St. Kitts and Nevis has been invited to host the Fifth Petro Caribe Summit in June this year.

This is according to SKN’s Minister of Public Utilities, Transport and Posts Honourable Earl Asim Martin, who was addressing the media during his first press conference for 2008.

He elaborated that there have already been two Petro Caribe Summits in Venezuela, one in Jamaica and one in Cuba. The Minister further noted that in his experience the summits are elaborate affairs with heads of government attend with large delegations. He speculated that His Excellency Hugo Chavez should be among the Presidents in attendance. It was revealed that the first committee meeting to plan the event will be held January 23, 2008.

Minister Martin reminded that on December 03, 2007 St. Kitts and Nevis received the first shipment of diesel under the Petro Caribe agreement. To date a total of five shipments have arrived from Venezuela in the amount of 20,000 barrels. He said that the greatest setback of the programme was that the Federation did not have adequate storage for the fuel.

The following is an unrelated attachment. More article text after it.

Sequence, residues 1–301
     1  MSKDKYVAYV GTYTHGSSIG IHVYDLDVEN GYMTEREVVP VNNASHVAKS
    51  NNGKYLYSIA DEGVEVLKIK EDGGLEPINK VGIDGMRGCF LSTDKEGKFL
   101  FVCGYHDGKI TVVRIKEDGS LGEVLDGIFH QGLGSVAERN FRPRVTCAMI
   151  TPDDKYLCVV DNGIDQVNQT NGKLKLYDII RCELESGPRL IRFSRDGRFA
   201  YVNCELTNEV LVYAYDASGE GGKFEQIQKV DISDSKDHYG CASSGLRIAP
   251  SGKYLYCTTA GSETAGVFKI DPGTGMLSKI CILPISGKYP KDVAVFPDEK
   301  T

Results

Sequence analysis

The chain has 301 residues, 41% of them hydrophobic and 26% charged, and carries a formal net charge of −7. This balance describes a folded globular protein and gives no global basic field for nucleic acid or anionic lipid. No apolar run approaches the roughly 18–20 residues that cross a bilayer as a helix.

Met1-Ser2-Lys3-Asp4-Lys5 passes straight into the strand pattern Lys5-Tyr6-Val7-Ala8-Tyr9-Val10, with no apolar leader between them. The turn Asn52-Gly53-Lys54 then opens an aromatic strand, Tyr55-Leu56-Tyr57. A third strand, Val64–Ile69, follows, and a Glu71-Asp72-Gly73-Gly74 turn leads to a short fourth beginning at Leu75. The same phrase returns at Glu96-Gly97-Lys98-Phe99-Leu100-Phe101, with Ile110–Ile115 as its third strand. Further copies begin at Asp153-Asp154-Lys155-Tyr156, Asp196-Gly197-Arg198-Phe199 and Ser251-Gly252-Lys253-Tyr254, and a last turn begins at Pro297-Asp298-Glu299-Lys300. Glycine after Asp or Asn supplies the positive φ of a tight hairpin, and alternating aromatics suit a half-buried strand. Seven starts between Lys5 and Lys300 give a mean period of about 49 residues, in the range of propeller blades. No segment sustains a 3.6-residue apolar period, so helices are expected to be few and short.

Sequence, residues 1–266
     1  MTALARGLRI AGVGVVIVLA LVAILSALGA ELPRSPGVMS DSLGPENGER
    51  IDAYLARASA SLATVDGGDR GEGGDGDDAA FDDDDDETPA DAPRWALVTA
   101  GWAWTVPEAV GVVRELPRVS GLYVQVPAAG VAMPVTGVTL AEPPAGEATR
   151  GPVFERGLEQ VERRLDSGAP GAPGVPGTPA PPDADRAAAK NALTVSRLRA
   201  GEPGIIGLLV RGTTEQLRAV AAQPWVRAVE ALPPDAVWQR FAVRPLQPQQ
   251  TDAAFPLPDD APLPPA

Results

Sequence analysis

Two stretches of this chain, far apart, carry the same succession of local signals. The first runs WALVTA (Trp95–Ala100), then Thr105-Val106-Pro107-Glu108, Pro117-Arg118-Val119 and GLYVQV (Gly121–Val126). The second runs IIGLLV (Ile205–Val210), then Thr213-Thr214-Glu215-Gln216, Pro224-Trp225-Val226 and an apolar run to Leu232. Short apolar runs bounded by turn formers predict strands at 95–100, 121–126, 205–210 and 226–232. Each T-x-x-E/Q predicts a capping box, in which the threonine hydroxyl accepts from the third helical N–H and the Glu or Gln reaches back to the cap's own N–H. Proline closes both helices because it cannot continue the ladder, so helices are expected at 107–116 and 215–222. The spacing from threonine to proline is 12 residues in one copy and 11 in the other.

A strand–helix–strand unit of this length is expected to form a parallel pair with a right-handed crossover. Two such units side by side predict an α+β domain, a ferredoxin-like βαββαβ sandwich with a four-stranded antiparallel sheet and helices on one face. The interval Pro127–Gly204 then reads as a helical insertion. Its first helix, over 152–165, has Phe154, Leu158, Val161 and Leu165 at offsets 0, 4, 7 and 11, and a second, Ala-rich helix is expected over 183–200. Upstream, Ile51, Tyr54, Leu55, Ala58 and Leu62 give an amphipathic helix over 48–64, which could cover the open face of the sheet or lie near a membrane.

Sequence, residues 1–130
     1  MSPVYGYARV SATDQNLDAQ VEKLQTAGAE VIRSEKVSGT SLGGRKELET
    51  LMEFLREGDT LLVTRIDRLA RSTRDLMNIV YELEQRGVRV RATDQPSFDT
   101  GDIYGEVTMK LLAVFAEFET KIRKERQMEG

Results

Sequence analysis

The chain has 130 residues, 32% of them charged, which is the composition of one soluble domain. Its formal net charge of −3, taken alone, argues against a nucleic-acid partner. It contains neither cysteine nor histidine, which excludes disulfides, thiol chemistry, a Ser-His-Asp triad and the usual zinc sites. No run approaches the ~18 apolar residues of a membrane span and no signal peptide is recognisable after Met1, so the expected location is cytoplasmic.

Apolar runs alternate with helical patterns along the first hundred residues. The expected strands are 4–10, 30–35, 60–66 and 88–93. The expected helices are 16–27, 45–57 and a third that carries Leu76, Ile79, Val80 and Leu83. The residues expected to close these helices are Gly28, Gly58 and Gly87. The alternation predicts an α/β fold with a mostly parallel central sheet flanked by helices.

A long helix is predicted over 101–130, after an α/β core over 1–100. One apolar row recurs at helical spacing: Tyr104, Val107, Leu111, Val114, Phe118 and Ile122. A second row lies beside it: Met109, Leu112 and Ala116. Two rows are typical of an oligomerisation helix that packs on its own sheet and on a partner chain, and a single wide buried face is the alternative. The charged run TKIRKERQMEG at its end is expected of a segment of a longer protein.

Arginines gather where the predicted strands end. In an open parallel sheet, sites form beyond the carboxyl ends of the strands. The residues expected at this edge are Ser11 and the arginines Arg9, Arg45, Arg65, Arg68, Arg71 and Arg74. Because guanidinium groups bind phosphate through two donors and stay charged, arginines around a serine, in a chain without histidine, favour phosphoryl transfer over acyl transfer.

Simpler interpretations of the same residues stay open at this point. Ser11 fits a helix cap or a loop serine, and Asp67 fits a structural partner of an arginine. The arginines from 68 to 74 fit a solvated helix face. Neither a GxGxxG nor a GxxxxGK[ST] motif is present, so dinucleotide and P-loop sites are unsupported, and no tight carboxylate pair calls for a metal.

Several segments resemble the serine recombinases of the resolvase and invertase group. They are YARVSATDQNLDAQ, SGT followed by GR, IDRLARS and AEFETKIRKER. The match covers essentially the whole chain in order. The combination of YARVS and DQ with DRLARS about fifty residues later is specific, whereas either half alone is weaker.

As such, the government of Venezuela had made a firm commitment to provide storage for approximately 34,000 barrels of diesel.

The Minister responsible for Utilities revealed that even as the press conference was taking place, a delegation from Venezuela was in the Federation in order to finalize arrangements for the construction of a storage farm as well as local Petro Caribe offices. The facility is expected to be completed early this year.

To demonstrate the benefits of the Venezuelan fuel programme, Martin informed that the Powerstation is now being operated on the fuel purchased under the Petro Caribe agreement. He further informed that an extension of the programme was the supply of asphalt (bitumen) which would aid in improving the network of roads in the Federation.

Overall, the Minister responsible for Utilities said that Petro Caribe was already profiting the people of the Federation as it had done in the countries that signed on the agreement before St. Kitts and Nevis. Under the agreement, governments purchase fuel at the reduced cost and then use the difference to undertake social programmes in their countries. The benefit to residents is felt not in a direct reduction of fuel cost but in the social benefits received.

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